One of the first facts to emerge from this research was that what we relate to as ‘colour’ has no material existence at all! Research showed that what our eyes see and report to the brain for interpretation into colour is, in truth, the specific effect of refracted and reflected light. Whenever light touches anything, a certain amount of it is reflected, whilst some is absorbed. It is this reflection we see.
We do not see light. We only see what it illuminates. We can only work out whether light is present by what we can see when light’s rays hit an object and bounce back into our eyes. This may sound a little confusing at first but you can try it for yourself. Look out of your window during daylight. You will see the objects beyond the window. You cannot see the light itself. Look out of the same window at night, and you will see much less. This is because there is less light available to reflect from the objects upon which it impacts. The reflections are therefore too weak to stimulate your eyes into action so you do not ‘see’ anything. The next section will thoroughly examine the way in which we see, and the processes by which we interpret what we see into useful information.
In the last century there has been substantial research into the psychological effect of colour. It is now widely accepted that there are certain common responses to particular colours. Colour apparently has a generally similar effect on everyone. Exposure to particular colours produces broadly comparable reactions in all who experience it. Interestingly enough, researchers do not yet appear to have taken the next logical step and tried to discover why this similarity exists. This omission is one of the reasons that we call Colour Harmonics the art of living in colour - following the oft-quoted thought that what art first envisages, science generally accepts eventually.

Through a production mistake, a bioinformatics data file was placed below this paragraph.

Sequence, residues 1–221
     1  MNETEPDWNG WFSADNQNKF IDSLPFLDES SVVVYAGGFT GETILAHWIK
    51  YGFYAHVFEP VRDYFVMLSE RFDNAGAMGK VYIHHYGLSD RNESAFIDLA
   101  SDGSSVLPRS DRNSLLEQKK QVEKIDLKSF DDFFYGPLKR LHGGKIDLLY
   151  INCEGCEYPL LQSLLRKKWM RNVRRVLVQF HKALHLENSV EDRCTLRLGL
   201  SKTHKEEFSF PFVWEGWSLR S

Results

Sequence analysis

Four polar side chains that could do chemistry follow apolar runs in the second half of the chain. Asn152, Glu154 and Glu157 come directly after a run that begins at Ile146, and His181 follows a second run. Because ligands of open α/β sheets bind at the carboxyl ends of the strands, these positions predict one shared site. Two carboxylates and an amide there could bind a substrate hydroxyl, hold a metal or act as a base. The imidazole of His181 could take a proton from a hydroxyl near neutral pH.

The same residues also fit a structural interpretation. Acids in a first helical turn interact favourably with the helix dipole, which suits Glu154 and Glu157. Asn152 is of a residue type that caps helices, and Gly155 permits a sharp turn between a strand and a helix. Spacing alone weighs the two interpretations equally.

Later in the Course we shall examine why colour might produce the same reactions and effects in most people. For now, though, perhaps we could offer an idea for your consideration.
If, for a moment, we accept the hypothesis which suggests that all creation is vibrational in nature, then it is almost certain that we have an innate and unconscious ability to sense and interpret the vibrations which touch us in life. This might be seen as a deeply instinctual skill, and perhaps one which is less readily available to us now, than in the past - one which is lost to conscious understanding. Instead its function could be seen as subliminal - we see and register information below the level of conscious awareness, thus only outstanding pieces of information break through.
We can identify certain peculiarities of experience which support this idea. For instance, do you experience a change of atmospheric pressure just before a storm breaks? And are you also aware of the calm after the storm, once the skies have cleared? These might both be seen as the interpretation of changing climatic vibrations. Have you ever found yourself especially aware in places with strong psychic atmospheres? Places of worship, for instance, retain the impression of the strong vibrations of their users. The land often retains the vibrations of emotions which have been felt upon it - battlefields and graveyards are good examples of this sensation. Have you ever, whilst driving, braked before you reach the bend and see a hazard? How often do you think of somebody immediately before they telephone you?
You will notice that we are referring to emotions and thoughts as vibrational in nature. Though we cannot prove this to be so, it seems a strong possibility. We experience waves of emotion. We are able, sometimes, to sense the emanation of emotion from others as well. Maybe each of us emits a constant stream of pulses which fills our immediate environment, and which may be ‘read’ by those who have the skill. We know from medical science that our thoughts register as tiny impulses of electrical energy in the brain.